We are now in a user-testing phase, meeting with participants and verifying that our assumptions about the usefulness and incentives we saw for this new idea are correct before we start wireframing possible manifestations of this idea.

If you have any thoughts about Inner Circle, please don’t hesitate to comment here or email me at

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Ideal Thermostat- Iteration #6: Final Iteration and Reflection

After eight weeks of Rapid Ideation and Creative Problem Solving, the sixth and final iteration of my ideal thermostat is complete. Last week, we were given the additional requirements of two extra tasks for our fifth iteration and I came incredibly close to an error free round of user testing. The only problem arose when users were prompted to delete a schedule. Every user I tested wanted to select the schedule first before tapping the delete icon.

Please follow along in the full PDF version of iteration 6 here.

After sketching out a few iterations of the delete schedule flow, I realized that a great interface is often flexible in that there is more than one way for users to complete a certain task. If some users want to tap on the schedule to select it before deleting, maybe I should incorporate delete into the edit mode. This solution seems so obvious to me now that I can’t believe I hadn’t realized it before. I was trying so hard to stick with the button conventions I created that I had forgotten to consider what would make sense to the user.

Re-listening to the audio recordings of my think-aloud user testing participants from last round, I heard one user ask, “what does the arrow on the schedule mean?”. While I was unable to answer her question while she tried to complete the tasks, it was a great question. The arrow was a remnant of functionality from an earlier iteration where users could skip ahead in the schedule. It no longer has any use as a stationary selection indicator, but I chose to keep it as a second indicator of the active schedule. This seemingly minor design detail had a large impact on the way the user viewed the capabilities of the system. I easily corrected this mistake by getting rid of the arrows.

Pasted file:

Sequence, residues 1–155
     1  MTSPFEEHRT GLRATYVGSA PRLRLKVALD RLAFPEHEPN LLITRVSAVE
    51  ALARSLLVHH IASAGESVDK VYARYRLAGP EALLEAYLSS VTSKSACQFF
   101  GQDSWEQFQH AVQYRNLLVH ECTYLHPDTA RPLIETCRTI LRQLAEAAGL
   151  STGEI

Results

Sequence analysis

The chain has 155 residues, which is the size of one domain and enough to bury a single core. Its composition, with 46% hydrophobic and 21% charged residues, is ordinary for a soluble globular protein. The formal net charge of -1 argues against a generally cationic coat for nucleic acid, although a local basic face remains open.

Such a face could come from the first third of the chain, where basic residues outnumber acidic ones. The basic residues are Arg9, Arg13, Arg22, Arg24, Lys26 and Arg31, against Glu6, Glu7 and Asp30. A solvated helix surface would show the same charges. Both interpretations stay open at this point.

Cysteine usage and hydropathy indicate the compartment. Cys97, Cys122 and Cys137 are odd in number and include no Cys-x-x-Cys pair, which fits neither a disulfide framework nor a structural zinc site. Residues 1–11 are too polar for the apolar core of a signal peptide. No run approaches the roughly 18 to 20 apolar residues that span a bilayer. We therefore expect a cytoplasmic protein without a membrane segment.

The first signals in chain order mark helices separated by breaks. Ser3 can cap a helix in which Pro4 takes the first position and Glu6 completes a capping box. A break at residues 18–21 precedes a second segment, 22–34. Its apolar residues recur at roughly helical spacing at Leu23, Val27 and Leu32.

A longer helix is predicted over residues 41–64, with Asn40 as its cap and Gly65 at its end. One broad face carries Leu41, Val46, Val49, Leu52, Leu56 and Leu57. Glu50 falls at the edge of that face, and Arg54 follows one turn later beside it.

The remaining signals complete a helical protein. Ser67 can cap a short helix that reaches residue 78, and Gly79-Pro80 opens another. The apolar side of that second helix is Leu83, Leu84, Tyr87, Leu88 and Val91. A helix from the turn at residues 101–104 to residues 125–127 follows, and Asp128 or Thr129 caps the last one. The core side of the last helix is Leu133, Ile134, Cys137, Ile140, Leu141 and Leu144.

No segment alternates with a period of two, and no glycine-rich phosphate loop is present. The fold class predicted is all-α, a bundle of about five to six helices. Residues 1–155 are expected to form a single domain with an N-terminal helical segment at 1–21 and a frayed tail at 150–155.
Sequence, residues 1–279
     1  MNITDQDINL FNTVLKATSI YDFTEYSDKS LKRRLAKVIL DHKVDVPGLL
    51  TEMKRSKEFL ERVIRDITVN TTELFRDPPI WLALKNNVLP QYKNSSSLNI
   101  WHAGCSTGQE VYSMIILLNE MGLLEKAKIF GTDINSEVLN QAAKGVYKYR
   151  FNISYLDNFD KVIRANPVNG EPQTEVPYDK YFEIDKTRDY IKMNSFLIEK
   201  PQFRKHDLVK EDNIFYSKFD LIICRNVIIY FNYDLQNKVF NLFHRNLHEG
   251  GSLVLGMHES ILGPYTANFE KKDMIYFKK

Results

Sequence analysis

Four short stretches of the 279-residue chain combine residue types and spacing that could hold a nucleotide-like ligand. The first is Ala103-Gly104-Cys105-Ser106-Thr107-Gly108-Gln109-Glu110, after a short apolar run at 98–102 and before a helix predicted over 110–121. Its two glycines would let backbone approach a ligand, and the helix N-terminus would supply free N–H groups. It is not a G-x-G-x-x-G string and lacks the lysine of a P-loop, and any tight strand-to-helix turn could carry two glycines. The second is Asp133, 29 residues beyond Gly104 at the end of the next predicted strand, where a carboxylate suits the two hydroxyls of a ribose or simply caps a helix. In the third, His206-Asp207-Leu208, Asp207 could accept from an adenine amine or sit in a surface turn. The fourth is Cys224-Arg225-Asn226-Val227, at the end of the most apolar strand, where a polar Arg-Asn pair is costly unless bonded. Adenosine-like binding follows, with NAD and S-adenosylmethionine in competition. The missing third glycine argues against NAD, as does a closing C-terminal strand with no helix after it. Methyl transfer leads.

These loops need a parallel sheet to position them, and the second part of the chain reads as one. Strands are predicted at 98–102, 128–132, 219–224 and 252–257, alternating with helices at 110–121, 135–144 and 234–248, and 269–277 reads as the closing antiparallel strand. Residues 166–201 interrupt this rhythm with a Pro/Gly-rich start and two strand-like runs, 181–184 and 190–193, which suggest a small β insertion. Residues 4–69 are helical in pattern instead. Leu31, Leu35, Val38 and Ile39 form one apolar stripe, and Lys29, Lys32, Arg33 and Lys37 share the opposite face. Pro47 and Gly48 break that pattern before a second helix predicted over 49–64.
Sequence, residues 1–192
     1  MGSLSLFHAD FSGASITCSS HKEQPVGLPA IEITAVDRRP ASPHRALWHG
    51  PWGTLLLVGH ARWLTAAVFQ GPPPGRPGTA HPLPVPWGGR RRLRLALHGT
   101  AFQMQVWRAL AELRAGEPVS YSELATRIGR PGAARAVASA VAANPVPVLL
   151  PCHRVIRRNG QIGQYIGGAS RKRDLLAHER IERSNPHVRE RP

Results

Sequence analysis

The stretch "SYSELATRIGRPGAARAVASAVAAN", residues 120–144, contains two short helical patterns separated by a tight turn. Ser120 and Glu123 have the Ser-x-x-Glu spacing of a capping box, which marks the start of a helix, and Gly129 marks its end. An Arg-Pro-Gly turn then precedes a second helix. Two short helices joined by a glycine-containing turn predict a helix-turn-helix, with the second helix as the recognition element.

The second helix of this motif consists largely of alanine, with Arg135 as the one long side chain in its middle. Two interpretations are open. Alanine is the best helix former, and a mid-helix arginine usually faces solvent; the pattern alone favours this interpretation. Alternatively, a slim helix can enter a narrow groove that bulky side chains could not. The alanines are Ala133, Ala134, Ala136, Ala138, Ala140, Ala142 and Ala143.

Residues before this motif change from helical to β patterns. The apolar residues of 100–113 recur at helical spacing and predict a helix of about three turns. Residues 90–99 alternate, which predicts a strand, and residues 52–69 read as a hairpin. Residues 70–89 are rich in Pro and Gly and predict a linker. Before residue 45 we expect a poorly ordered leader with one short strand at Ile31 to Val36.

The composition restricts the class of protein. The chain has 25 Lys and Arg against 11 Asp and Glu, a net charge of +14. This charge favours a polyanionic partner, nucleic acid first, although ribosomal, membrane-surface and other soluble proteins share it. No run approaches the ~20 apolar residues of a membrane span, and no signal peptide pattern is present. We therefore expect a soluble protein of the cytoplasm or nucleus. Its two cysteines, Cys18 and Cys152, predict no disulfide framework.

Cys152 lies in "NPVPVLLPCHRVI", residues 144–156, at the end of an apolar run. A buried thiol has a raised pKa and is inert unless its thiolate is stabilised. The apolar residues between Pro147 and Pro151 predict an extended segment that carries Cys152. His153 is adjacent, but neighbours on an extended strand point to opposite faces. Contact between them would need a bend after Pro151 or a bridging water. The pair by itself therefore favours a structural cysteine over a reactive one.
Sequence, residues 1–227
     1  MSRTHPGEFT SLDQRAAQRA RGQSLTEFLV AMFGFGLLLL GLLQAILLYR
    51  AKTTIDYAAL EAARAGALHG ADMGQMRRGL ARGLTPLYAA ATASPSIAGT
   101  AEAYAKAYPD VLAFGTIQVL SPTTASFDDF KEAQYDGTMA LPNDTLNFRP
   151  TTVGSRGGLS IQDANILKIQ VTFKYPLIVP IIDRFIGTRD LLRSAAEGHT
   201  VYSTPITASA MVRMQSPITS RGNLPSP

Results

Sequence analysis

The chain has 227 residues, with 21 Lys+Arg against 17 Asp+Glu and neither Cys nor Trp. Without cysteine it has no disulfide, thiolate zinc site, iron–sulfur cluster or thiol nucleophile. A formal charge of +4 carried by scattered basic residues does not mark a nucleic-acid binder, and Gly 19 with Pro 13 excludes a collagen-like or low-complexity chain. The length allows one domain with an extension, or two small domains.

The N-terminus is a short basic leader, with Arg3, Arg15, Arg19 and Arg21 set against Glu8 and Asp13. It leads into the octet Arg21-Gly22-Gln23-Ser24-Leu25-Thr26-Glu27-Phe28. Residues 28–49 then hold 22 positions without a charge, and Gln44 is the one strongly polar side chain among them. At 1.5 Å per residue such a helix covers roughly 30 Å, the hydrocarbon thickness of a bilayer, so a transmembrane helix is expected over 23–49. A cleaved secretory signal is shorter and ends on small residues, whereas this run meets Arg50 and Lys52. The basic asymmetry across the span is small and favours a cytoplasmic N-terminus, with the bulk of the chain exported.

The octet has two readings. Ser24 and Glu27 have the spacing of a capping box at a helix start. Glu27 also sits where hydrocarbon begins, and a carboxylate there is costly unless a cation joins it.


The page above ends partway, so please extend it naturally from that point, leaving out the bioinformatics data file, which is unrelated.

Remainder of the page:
Thinking about it now, I think this oversight highlights a flaw in my approach iteratively designing redesigning this thermostat. As designers, we have to realize that every design decision can portray unintended functionality if we don’t consider conventions already in place. In this case, the arrow still represented a stationary selection indicator that users.

So how did the user testing go this time?

Unfortunately, I did not have an error-free round of user testing, but I did learn a few more things that has altered the way I view my thermostat framework:

  1. Users appreciated that they could delete a schedule two different ways. Many initially deleted the schedule through the new editing mode delete option but noticed that there seemed to be another way to delete as indicated by the trash icon on the main schedule mode screen. Two users even asked to attempt the task again so they could experience this alternative flow.
  2. In this round of testing, two users interpreted the task “turn the fan on for two hours” as needing to enter schedule mode since the fan is on for a certain amount of time. Honestly, I think they had a good point. If every other function on manual mode stays activated until turned off, why wouldn’t the fan on manual mode work the same way? Timed usage of the fan would fit the users mental model better if it were included in schedule mode instead.


In this final blog post I would like to consider the evolution of my ideal thermostat by comparing the final design to the ideal thermostat concept model I created before I had even started designing the interface:

Just a few weeks ago, the vision I had for my ideal thermostat was simply a reduction of unnecessary features included in the Honeywell thermostat’s current concept and the addition of smart scheduling capabilities and an energy efficiency indicator. Let’s compare that first iteration of the concept map against one of the final design:

Clearly my understanding of the necessary components of an ideal thermostat has changed immensely over this iterative process. When I started this process, I was worried that I didn’t know enough about the way a thermostat worked and it prevented me from confidently designing an ideal thermostat concept map that was more than just a simplification of the Honeywell design.